According to A. Piatt Andrew, following the Panic of 1907, when $238 million of clearinghouse certificates were issued, $96 million of other forms of scrip were also issued, the largest component of which were checks written by employers.3 As A.D. Noyes details, following the Panic of 1893, the New York Clearing House issued $38.3 million in clearinghouse certificates, and clearinghouses across the country issued a total of $69 million.4 These certificates circulated for about 19 weeks, at which time, the panic having ended, they were withdrawn from circulation, and normal operations resumed. Following the Panic of 1907, the New York Clearing House issued $85.4 million in clearinghouse certificates, and clearinghouses across the country issued a total of $238 million. These certificates circulated for about 22 weeks.
Clearinghouse certificates had been issued following panics in 1873, 1884, and 1890. An antecedent of clearinghouse certificates was utilized as early as 1857. In 1857, a form of clearinghouse certificate, backed by securities issued by New York State and the US Treasury, was used for interbank settlements.5 This expedient was subsequently utilized several times during the 1860s.
It was in 1873 that clearinghouse certificates were first issued as hand-to-hand currency. Below is an image of one of the first clearinghouse certificates issued in 1873 and one of the last to be issued in 1907. And, in Table 1, I give the amounts issued by the New York Clearing House from 1873 to 1907.
Date first issued
Date last issued
Date first cancelled
Date last cancelled
How did clearinghouse certificates work? Initially, clearinghouse certificates were issued by clearinghouse member banks as checks in convenient denominations, on the basis of "good funds" attested to by the clearinghouse association. Later, some of the clearinghouse associations directly issued certificates, backed by identified assets of the bank, and guaranteed by the clearinghouse member banks.
The certificates were typically lent to an employer, who used them to meet payroll. The workers who received the clearinghouse certificates then tendered them, like money, to various merchants — which is not to say that the merchants had to accept them, since they were not legal tender. Receivers of the certificates might use them to repay their loans from clearinghouse member banks, or to make deposits in accounts at clearinghouse member banks. Otherwise, they might themselves use the certificates as money.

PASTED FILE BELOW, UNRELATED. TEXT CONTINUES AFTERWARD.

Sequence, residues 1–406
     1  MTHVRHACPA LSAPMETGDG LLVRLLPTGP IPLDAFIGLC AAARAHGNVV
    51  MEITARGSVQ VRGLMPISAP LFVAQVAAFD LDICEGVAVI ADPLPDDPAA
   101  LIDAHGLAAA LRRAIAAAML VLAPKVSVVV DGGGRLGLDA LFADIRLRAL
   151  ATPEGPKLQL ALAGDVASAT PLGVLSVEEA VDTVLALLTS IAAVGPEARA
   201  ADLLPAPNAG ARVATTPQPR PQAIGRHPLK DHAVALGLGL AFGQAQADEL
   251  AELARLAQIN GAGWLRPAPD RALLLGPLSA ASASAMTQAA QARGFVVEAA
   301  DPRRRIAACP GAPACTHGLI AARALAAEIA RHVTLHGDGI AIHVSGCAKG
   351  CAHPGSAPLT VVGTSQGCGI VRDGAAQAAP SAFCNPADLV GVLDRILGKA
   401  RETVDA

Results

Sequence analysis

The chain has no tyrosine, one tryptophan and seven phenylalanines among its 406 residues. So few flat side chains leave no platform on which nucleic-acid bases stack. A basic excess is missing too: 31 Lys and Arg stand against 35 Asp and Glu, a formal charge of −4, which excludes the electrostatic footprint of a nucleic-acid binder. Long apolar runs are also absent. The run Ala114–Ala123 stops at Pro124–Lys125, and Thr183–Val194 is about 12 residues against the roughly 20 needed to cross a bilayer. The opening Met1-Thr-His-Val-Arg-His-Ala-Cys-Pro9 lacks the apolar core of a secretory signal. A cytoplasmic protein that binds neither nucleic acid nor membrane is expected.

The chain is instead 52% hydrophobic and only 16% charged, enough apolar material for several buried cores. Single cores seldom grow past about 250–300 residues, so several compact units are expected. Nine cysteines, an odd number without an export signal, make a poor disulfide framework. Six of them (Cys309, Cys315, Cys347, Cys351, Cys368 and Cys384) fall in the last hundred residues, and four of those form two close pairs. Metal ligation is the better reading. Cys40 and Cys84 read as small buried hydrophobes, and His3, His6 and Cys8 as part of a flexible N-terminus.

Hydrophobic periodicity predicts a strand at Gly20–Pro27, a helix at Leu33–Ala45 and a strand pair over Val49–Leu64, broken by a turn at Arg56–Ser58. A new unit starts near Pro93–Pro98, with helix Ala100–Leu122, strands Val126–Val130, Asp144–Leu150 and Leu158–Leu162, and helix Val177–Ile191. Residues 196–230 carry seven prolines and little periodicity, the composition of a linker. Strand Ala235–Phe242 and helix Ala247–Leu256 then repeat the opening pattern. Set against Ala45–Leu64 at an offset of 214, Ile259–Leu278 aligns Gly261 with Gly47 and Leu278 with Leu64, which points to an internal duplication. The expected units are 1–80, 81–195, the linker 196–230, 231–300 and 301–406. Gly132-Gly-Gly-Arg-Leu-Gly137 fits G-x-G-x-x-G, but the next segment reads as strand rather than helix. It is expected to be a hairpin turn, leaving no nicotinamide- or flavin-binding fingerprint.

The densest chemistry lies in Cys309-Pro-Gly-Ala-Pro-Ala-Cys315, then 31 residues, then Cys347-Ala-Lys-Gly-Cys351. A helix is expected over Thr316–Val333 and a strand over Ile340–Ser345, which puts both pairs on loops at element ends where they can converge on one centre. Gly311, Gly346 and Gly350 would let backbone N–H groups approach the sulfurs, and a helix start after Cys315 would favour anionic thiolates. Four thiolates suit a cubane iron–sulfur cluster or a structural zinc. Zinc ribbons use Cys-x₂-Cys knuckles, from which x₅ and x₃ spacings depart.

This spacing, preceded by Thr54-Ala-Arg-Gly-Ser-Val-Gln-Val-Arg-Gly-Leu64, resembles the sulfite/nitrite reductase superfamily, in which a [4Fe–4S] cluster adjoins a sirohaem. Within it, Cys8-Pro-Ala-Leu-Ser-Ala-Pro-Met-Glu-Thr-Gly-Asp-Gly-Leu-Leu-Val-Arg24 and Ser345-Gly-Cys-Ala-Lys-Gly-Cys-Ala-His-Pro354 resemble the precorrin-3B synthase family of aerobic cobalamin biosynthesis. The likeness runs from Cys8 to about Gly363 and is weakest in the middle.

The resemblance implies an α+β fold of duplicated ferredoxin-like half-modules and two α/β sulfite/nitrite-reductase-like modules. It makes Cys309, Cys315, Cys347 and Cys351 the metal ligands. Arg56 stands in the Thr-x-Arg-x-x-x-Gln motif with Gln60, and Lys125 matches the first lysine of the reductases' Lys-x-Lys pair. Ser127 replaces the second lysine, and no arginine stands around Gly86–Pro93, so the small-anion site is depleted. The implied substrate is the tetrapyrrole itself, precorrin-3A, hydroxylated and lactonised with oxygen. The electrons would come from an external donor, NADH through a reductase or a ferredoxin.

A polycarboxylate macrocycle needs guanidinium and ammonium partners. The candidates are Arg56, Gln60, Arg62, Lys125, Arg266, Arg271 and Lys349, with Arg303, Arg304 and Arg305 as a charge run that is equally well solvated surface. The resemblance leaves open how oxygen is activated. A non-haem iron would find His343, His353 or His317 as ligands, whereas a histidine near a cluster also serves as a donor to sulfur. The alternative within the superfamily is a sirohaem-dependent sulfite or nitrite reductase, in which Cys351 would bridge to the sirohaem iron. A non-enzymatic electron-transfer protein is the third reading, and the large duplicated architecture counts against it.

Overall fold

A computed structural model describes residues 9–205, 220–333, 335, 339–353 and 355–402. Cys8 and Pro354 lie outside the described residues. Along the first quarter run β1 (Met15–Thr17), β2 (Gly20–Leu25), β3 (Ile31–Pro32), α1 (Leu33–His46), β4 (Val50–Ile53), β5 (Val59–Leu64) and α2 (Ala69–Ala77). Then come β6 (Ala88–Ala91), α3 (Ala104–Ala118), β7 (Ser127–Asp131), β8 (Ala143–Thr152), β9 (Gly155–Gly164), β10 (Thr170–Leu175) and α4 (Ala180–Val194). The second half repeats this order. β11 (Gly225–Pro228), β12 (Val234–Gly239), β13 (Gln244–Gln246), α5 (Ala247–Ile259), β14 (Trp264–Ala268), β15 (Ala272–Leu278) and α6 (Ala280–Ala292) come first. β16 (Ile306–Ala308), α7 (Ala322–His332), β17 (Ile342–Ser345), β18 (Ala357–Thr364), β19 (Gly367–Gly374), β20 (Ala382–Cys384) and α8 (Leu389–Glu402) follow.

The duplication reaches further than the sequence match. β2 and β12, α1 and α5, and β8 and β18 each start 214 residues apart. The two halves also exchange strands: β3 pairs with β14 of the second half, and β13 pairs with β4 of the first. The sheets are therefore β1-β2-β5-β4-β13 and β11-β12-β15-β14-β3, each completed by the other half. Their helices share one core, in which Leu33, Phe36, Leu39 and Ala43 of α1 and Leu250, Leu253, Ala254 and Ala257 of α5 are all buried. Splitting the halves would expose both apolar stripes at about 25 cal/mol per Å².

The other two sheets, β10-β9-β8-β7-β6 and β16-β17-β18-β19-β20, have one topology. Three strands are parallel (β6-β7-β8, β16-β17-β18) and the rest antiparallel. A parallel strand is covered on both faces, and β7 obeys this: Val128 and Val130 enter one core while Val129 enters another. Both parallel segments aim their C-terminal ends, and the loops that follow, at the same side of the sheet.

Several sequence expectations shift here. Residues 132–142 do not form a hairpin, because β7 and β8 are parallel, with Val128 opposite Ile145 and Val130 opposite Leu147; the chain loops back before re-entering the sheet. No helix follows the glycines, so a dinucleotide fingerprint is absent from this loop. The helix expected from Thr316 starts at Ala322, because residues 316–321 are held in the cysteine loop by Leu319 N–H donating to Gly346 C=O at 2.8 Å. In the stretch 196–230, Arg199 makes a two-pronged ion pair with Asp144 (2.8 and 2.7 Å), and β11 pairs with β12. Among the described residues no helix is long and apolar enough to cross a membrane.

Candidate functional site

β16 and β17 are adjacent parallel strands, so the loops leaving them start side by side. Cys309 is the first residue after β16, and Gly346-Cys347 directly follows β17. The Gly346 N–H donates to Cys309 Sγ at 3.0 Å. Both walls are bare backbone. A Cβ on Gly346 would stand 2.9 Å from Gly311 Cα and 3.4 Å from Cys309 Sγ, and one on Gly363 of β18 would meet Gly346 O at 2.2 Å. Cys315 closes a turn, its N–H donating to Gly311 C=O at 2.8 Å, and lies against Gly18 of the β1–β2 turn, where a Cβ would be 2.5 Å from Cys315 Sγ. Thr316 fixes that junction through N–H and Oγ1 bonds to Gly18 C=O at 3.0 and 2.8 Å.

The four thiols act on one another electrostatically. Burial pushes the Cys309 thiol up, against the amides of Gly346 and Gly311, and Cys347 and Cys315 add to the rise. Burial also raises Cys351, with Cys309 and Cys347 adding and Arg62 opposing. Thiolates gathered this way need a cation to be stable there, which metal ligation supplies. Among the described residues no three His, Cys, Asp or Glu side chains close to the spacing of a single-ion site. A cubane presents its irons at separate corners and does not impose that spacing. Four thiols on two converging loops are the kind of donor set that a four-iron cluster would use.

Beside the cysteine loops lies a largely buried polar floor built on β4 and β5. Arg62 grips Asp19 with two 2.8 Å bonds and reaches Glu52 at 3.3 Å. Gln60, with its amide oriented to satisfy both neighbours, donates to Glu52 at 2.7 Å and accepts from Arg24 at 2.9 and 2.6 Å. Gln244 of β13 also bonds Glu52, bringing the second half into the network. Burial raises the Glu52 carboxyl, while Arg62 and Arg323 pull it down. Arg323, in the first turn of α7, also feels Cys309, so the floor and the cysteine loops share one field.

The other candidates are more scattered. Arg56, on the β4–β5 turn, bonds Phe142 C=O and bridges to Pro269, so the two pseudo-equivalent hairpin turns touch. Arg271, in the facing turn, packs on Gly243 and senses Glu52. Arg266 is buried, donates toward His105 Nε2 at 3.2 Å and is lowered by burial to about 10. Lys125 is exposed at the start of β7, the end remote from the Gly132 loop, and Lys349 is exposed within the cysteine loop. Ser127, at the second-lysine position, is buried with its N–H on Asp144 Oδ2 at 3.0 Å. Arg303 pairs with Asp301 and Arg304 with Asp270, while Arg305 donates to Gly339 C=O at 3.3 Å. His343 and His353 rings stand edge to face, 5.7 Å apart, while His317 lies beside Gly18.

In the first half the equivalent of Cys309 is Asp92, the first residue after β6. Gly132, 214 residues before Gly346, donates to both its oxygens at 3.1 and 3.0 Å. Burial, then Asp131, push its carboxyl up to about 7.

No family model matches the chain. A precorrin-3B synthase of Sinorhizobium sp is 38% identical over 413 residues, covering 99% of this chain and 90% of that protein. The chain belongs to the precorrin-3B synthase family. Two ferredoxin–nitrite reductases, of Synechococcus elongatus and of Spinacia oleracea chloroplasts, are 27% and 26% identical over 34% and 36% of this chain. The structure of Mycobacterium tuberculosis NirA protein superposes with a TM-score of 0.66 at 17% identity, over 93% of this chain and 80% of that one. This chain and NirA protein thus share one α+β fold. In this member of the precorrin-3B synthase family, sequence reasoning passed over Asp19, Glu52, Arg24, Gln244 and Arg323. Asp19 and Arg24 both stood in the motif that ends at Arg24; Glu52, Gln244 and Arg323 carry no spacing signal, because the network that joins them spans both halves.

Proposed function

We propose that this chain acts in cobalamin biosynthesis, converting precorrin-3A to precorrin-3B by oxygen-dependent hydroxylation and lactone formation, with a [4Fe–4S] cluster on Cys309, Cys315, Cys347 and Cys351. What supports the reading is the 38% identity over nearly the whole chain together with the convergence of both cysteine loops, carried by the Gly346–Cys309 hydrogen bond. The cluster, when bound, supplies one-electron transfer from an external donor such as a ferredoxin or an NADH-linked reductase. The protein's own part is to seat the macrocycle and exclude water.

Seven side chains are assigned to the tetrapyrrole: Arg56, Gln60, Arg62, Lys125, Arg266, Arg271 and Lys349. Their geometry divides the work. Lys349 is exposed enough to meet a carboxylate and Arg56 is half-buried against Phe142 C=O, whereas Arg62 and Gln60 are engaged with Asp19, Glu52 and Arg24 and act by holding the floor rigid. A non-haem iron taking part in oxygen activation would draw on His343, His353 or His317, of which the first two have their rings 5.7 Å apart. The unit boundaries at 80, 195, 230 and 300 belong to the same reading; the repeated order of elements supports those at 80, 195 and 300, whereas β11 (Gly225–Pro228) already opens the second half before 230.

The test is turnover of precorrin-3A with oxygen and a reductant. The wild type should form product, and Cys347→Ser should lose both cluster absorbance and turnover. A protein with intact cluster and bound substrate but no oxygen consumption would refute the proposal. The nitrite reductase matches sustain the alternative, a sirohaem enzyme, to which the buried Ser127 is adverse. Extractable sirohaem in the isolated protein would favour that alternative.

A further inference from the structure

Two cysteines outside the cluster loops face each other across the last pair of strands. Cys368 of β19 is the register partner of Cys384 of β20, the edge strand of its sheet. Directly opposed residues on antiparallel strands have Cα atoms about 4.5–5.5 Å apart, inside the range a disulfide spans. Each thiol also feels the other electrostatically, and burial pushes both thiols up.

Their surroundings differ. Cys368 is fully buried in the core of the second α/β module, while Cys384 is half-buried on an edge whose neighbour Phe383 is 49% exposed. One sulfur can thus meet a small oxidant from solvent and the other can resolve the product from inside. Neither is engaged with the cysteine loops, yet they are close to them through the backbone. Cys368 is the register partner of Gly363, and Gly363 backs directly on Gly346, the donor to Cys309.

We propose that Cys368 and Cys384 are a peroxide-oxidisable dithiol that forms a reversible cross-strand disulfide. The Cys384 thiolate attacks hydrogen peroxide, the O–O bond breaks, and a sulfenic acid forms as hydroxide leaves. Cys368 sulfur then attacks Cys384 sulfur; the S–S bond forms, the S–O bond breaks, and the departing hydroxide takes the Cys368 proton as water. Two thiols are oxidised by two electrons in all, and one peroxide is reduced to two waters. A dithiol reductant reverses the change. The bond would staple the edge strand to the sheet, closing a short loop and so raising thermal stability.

Notice my transition from saying that the certificates would be used "like money" to saying that the certificates would be used "as money." Since one of the definitions of money is that which is used as a general medium of exchange, once enough people began to use the certificates as money, they became money.
However — and this is the important thing — as long as the supply of clearinghouse certificates was small compared to the debtors' need for money with which to make their loan payments, the clearinghouse certificates would pass at or near par. Thus, the way the certificates worked is that they were created in the process of making loans, and destroyed in the process of paying off loans. During the brief time of their existence, they circulated as scrip, that is, as money for a temporary period of time, under emergency conditions.
At this point I could go into a long discussion of the limitations to the money-making magic involved in clearinghouse certificates, and of the risks involved. However, for present purposes it is sufficient for me to note that, as long as the clearinghouse association did a reasonable job in policing its members so that all certificates were sufficiently backed, the community greatly benefited from the creation of liquidity during a panic.
Liquidity in the Great Depression
So, why didn't this same phenomenon happen during the Great Depression? I'm glad you asked this question. It shows that you are interested in the actual facts of history instead of the gobbledygook that was given to you in public school.
The reason bankers and others did not rescue our country from the worst outbreak of bank suspension and hoarding in our nation's history is that the government stopped them. During March 1933, amidst a terrible bank panic, the bankers of the country, joined by merchants and many others, were ready to issue hundreds of millions of dollars in clearinghouse certificates. But the government intervened and said "no!"
Prior to 1933, bankers had mostly resisted the call for scrip. Nevertheless, a number of localities had availed themselves of the same. According to the New York Times, by early 1933, some 500,000 people were using some form of scrip.6
Some municipalities issued scrip in the payment of salaries to their workers and for other purposes. For example, Atlantic City, New Jersey, issued scrip during 1932, receivable by the city for payment of back taxes. According to the New York Times, "The scrip [of Atlantic City] has had a wide circulation and much of it has reached the office of Tax Collector Lewis L. Mathis for delinquent bills."7